Nutrition and health - industry driver

Preserving the nutritional quality of products has always been a food industry priority. As consumers become more aware of the impact of their nutrition on health, the food and drink industry must respond to highlight the health benefits of existing products, and develop new products that match new advances in knowledge such as the influence of microbiome on health. Coupled to this, there is also pressure to reformulate existing products to improve health.

Fundamental needs

  • Consumers and government are pressing for ever lower levels of preservatives, salt, sugar and fat in products. Their replacements need to maintain the functionality of the originals without compromising the quality or nutritional balance of the reformulated product. Guidance on labelling such products is also required.
  • The consumer is now in a position to be able to choose foods that have real health benefits. Tools to educate the consumer in making healthier choices, together with feedback on the influencers of those choices to industry, will help to improve health.
  • The relationship between food choices and positive impact on health requires more study. Influences on long-term health conditions such as diabetes are becoming more apparent, as is the role of the gut microbiome in overall health. Better understanding of the relationship between health conditions, demographics and food choices will lead to a more nuanced approach to the production of healthier foods.
  • Changing regulatory landscapes (e.g. post-Brexit) stimulate the need for clear guidance on the implications of new rules and guidelines. There is also the need for clear advice on how to support nutrition and health claims on products.
  • Pressure to reduce ingredients associated with poor health, such as salt, sugar and fat, is coupled to pressure to include ingredients that promote good health(such as high micronutrient ingredients). Reliable information on the effects of novel ingredients on human health is needed to inform product development.
  • Process changes can alter the nutritional profile of foods. Minimal processing is increasingly used to deliver foods with functional health benefits. The challenge is in how to maximise the nutritional profile of the food whilst maintaining the quality, safety and cost of comparable more heavily processed products.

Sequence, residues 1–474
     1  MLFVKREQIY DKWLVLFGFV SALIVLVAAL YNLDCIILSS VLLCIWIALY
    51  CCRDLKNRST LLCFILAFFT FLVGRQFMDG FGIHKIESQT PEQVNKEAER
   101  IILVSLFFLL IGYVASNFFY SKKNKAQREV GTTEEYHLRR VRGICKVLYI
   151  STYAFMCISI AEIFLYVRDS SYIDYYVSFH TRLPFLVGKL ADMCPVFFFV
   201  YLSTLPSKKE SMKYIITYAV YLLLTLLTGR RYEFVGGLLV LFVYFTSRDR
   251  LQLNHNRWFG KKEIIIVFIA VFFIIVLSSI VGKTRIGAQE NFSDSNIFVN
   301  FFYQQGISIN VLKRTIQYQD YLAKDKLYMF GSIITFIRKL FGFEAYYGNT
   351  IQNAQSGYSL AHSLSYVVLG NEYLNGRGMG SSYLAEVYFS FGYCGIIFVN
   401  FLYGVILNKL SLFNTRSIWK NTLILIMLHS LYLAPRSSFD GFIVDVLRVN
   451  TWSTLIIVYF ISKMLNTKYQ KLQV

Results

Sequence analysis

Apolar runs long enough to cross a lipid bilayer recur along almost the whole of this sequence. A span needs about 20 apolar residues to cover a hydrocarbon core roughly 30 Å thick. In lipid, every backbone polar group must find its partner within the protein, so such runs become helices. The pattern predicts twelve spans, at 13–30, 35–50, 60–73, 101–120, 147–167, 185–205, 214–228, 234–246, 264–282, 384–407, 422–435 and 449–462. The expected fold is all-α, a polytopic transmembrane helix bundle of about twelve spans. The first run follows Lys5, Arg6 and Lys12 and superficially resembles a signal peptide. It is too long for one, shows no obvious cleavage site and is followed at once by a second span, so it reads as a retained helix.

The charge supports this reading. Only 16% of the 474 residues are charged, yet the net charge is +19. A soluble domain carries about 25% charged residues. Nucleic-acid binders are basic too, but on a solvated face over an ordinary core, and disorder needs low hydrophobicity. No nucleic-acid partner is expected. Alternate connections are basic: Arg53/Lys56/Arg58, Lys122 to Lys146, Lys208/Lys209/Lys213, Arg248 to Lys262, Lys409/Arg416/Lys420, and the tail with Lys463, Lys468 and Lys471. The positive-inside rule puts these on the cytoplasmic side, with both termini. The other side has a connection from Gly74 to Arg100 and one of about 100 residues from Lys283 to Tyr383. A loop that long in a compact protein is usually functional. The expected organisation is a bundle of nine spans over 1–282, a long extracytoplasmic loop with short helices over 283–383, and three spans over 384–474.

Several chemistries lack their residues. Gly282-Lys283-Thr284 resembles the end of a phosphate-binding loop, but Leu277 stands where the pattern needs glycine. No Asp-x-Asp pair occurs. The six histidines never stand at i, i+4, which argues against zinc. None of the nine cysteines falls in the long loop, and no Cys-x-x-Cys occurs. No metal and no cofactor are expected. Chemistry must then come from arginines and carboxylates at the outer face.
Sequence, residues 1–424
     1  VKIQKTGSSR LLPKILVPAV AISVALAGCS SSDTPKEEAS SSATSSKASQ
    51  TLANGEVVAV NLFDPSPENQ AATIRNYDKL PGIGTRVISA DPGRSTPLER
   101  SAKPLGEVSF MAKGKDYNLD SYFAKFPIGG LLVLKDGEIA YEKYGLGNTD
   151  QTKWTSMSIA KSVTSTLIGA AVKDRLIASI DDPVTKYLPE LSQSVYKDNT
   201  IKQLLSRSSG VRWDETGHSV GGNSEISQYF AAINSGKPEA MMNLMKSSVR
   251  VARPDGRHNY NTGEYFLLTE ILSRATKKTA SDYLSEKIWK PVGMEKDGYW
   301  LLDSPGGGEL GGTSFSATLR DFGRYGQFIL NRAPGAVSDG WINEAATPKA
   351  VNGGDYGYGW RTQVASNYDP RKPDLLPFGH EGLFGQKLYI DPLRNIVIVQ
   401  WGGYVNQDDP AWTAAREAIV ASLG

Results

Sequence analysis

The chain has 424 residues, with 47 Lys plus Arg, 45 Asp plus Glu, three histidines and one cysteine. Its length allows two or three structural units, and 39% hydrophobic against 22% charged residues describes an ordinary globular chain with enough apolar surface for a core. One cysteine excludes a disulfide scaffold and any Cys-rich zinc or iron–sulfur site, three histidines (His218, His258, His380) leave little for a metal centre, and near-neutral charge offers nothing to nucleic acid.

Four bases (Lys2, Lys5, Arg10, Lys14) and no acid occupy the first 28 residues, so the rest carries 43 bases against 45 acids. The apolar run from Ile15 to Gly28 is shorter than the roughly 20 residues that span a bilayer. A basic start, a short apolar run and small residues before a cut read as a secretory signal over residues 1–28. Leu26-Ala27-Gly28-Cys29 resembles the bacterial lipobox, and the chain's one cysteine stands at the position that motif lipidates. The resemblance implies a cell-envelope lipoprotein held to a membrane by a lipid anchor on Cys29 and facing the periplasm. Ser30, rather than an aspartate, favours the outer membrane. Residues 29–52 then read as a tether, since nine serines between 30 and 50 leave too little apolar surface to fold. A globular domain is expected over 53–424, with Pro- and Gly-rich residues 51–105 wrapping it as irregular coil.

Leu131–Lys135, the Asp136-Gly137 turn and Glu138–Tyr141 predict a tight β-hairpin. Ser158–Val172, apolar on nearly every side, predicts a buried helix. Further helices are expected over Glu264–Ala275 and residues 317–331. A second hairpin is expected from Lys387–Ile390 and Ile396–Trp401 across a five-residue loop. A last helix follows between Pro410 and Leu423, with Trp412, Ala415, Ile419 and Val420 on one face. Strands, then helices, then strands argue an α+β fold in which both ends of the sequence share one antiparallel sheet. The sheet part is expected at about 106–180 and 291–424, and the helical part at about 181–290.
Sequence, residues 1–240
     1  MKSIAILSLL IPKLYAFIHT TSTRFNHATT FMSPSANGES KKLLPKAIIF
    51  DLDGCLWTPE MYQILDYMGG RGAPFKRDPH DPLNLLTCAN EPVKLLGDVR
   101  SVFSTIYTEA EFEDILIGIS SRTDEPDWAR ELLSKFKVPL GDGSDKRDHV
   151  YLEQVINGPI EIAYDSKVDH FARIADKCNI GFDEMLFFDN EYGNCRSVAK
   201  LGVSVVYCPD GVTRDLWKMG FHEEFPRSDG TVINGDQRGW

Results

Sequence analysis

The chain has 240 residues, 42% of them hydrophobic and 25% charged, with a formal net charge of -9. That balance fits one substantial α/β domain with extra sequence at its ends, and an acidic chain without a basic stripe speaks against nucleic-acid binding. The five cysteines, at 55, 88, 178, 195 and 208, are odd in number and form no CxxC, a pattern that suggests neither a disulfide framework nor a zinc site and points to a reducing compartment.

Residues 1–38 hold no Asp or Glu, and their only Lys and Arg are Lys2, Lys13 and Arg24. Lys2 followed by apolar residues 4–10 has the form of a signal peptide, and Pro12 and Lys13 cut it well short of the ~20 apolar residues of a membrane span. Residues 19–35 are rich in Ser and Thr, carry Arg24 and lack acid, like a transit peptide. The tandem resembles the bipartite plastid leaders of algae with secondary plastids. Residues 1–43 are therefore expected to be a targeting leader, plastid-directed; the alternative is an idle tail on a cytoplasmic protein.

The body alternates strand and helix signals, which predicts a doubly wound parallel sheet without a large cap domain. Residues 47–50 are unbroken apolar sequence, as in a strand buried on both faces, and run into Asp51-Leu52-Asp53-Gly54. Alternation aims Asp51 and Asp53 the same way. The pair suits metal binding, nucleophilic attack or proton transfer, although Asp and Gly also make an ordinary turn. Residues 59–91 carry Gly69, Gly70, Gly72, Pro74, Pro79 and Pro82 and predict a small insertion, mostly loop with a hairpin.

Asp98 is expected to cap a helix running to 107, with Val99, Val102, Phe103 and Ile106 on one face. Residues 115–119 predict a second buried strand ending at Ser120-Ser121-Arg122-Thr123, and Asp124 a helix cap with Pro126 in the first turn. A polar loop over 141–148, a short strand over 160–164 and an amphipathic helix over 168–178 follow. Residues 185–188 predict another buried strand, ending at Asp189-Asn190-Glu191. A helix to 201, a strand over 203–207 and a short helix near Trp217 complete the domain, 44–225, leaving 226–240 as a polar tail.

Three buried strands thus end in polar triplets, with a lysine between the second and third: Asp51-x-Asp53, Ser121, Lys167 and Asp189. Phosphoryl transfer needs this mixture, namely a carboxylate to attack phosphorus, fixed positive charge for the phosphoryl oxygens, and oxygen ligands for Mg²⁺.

Emerging needs

  • High Fat Sugar and Salt (HFSS) legislation affecting the sale of these products is due to be implemented in October 2022. There is talk of a further delay in response to recent inflationary pressures, as well as a need for more of the industry to be educated on its implications.
  • Calorie values on menus are now mandatory for larger companies. The impact of this is not clear, therefore there is a need to define and collect data on the health and commercial effects of this legislation.
  • Cannabis use in those states of the USA that have legalised it have impacted on sales of beer. There is a need to explore this in more depth, taking into account the various impacts on health of both products.
  • Fermented and 'functional' foods are becoming more widely sold. Impacts on gut health, as well as the nutritional benefits of such foods need to be assessed in an objective manner.
  • Younger consumers are turning to low / no alcohol versions of alcoholic drinks. There is a need for the impact of this trend on health and the drinks industry to be studied objectively.
  • Ultra-processed foods are perceived to be bad for health. The food industry needs to define what is meant by the term, and then produce clear information on the nutritional quality and health implications of those foods falling under that definition.
  • Vegan and plant-based foods are becoming increasingly popular. There is a need to assess whether analogues of meat containing products such as burgers or sausages fall into the category of ultra-processed foods. There is also a need to assess how much further demand can climb in this area.

The views expressed here do not necessarily represent the views of Campden BRI but are a summary of industrial feedback obtained from Campden BRI’s Member Interest Groups and interactions with government bodies and wider industry.

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